Love it or hate it, self-care has transformed from a radical feminist concept into a multibillion-dollar industry. But the wellness boom doesn’t seem to be making a dent in Americans’ stress levels. In 2021, 34 percent of women reported feeling burned out at work, along with 26 percent of men.
Dr. Pooja Lakshmin, a psychiatrist, has observed how wellness culture fails her patients, who she says are often burned out because of systemic failures, from the stresses that come with financial precariousness to the lack of paid family leave. In her book “ [Real Self-Care: A Transformative Program for Redefining Wellness (Crystals, Cleanses, and Bubble Baths Not Included)] (https://www.poojalakshmin.com/realselfcare) ,” she encourages people to look beyond superficial fixes — the latest juice cleanses, yoga workshops, luxury bamboo sheets — to feel better. Instead, she argues that real self-care requires embracing internal work, which she outlines as four practices: setting boundaries, practicing self-compassion, aligning your values and exercising power. Lakshmin argues that when you practice real self-care, you not only take care of yourself, but you can also plant the seeds for change in your community.
In this conversation, the guest host, Tressie McMillan Cottom, and Lakshmin discuss how the pandemic opened up a larger conversation about parental burnout; how countries with more robust social safety nets frame care as a right, not a benefit; why it’s fair to understand burnout as a type of societal “betrayal”; how to practice boundary-setting and why it can feel uncomfortable to do so; the convenient allure of “faux self-care”; and more.
This episode was hosted by Tressie McMillan Cottom, a columnist for Times Opinion, a professor at the University of North Carolina, Chapel Hill, and the author of “Thick: And Other Essays.” Cottom also writes a [newsletter] (https://www.nytimes.com/newsletters/tressie-mcmillan-cottom) for Times Opinion that offers a sociologist’s perspective on culture, politics and the economics of our everyday lives.
[More information about Ezra’s Jefferson Memorial Lecture] (https://calperformances.org/events/2023-24/speakers/ezra-klein/)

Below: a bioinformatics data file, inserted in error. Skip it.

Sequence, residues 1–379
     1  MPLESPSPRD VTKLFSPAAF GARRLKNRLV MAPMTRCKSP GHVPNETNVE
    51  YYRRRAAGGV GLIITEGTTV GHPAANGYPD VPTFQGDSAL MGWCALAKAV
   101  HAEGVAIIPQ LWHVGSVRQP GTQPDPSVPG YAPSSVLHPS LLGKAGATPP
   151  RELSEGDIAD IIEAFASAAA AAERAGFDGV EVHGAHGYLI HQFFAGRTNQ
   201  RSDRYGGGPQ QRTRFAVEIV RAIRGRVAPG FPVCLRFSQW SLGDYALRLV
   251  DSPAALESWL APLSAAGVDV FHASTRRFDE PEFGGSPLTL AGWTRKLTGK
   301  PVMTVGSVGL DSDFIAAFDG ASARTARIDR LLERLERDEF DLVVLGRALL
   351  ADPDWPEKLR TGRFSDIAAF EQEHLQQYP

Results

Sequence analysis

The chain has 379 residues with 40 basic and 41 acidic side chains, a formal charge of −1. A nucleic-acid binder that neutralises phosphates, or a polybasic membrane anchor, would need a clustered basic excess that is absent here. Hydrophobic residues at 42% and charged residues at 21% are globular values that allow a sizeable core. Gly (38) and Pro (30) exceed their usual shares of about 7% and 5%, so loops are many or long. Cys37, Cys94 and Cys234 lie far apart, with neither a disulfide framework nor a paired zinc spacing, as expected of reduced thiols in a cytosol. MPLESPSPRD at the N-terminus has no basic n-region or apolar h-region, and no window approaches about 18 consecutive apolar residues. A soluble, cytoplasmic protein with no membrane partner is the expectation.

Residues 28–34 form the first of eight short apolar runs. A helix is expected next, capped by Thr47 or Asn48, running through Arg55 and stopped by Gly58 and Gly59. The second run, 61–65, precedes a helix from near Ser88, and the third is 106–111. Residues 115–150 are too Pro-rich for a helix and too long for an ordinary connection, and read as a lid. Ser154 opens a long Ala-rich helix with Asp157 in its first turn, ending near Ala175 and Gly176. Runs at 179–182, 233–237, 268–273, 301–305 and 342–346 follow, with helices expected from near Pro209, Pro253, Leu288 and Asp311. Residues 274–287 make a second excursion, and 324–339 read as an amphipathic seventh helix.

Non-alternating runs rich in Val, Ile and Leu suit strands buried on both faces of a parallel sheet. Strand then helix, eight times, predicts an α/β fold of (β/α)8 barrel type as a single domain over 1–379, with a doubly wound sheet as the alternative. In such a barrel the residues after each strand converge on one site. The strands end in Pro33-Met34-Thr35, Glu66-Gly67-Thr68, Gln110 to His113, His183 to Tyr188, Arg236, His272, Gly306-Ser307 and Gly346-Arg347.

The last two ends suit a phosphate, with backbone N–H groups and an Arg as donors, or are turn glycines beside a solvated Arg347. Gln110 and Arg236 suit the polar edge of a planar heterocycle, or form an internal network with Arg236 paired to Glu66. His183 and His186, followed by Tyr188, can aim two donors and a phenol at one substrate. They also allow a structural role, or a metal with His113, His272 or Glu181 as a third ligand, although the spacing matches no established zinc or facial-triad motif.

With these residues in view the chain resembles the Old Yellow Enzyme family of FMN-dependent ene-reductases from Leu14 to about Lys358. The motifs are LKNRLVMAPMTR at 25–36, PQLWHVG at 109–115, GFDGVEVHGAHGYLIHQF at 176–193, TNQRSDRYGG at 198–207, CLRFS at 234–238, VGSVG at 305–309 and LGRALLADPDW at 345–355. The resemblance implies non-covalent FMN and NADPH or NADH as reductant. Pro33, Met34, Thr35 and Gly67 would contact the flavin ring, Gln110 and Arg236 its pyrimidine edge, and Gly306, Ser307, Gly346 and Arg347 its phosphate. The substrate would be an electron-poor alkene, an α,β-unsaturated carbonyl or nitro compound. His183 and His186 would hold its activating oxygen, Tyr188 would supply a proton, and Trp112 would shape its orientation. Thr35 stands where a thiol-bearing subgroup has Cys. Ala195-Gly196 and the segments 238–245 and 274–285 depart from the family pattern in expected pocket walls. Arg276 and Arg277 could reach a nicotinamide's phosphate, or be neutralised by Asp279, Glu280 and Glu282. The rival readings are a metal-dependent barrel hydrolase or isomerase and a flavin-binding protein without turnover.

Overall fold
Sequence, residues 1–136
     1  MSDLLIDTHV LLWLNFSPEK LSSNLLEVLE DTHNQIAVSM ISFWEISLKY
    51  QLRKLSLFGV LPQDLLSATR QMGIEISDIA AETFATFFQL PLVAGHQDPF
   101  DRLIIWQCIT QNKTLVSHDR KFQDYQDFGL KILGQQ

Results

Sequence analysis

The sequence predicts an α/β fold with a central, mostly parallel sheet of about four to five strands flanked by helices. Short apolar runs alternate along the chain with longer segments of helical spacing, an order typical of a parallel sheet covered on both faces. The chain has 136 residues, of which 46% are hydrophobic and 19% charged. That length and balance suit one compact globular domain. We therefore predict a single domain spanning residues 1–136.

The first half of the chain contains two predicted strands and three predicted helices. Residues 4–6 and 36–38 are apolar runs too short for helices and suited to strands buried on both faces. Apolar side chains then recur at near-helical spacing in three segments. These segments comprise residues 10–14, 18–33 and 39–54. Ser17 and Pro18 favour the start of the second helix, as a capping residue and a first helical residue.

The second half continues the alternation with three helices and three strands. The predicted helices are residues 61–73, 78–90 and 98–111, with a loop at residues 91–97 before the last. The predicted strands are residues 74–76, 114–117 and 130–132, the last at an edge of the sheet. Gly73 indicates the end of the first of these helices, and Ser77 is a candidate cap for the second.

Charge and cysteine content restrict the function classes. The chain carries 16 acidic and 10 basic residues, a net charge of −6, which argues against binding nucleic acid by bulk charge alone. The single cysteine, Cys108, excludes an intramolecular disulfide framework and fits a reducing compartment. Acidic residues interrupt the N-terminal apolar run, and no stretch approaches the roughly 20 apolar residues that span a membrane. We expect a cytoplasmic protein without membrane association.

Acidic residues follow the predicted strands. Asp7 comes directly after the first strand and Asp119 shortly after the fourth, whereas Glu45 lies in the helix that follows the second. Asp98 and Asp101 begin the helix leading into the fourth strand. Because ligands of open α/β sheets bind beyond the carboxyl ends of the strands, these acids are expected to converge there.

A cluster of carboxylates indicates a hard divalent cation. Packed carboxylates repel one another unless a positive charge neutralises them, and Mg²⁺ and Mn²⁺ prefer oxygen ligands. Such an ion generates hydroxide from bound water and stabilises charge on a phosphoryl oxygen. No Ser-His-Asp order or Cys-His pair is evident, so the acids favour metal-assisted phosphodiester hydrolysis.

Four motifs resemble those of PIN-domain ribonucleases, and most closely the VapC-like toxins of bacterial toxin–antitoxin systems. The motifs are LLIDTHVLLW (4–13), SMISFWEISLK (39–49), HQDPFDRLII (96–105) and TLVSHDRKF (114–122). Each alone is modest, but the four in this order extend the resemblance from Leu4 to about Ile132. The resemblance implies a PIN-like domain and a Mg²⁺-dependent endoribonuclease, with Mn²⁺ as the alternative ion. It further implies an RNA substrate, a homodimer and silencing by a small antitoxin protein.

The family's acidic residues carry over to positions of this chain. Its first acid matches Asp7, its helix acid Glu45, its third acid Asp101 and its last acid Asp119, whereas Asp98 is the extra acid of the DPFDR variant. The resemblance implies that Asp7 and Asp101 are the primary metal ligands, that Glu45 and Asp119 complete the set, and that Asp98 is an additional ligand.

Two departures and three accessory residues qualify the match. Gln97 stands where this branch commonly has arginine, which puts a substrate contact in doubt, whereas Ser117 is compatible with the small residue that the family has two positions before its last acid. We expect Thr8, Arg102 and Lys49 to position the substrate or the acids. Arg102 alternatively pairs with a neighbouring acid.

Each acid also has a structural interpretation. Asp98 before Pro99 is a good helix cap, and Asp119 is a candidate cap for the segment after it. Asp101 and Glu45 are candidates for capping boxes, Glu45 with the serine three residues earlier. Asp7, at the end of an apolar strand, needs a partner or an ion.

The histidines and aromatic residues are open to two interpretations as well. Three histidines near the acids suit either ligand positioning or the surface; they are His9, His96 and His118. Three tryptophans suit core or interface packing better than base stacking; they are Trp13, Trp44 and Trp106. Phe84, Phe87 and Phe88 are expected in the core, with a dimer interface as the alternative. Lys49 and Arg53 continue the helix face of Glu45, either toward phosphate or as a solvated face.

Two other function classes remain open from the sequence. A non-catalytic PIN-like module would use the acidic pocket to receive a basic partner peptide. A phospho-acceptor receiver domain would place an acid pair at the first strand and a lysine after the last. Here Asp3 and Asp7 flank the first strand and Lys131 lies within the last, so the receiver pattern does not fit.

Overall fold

“ [We Don’t Need Self-Care; We Need Boundaries] (https://opmed.doximity.com/articles/we-don-t-need-self-care-we-need-boundaries) ” by Pooja Lakshmin
“ [How Society Has Turned Its Back on Mothers] (https://www.nytimes.com/2021/02/04/parenting/working-mom-burnout-coronavirus.html) ” by Pooja Lakshmin
“ [Our Obsession With Wellness Is Hurting Teens — and Adults] (https://www.nytimes.com/2023/05/23/opinion/ezra-klein-podcast-lisa-damour.html) ” by The Ezra Klein Show with Lisa Damour
“ [A Legendary World Builder on Multiverses, Revolution and the ‘Souls’ of Cities] (https://www.nytimes.com/2022/10/18/opinion/ezra-klein-podcast-nk-jemisin.html) ” by The Ezra Klein Show with N.K. Jemisin
[Living Resistance] (https://bakerbookhouse.com/products/466177) by Kaitlin B. Curtice
[The Emotional Lives of Teenagers] (https://drlisadamour.com/books/the-emotional-lives-of-teenagers/) by Lisa Damour
[The Fifth Season] (https://nkjemisin.com/writing/the-fifth-season/) by N.K. Jemisin
Thoughts? Guest suggestions? Email us at firstname.lastname@example.org.
You can find transcripts (posted midday) and more episodes of “The Ezra Klein Show” at [nytimes.com/ezra-klein-podcast] (https://www.nytimes.com/column/ezra-klein-podcast) , and you can find Ezra on Twitter @ezraklein. Book recommendations from all our guests are listed at [https://www.nytimes.com/article/ezra-klein-show-book-recs] (https://www.nytimes.com/article/ezra-klein-show-book-recs.html) .
This episode of “The Ezra Klein Show” was produced by Kristin Lin. Fact-checking by Michelle Harris. The senior engineer is Jeff Geld. The senior editor is Annie-Rose Strasser. The show’s production team includes Emefa Agawu and Rollin Hu. Original music by Isaac Jones. Audience strategy by Kristina Samulewski and Shannon Busta. The executive producer of New York Times Opinion Audio is Annie-Rose Strasser. Special thanks to Sonia Herrero.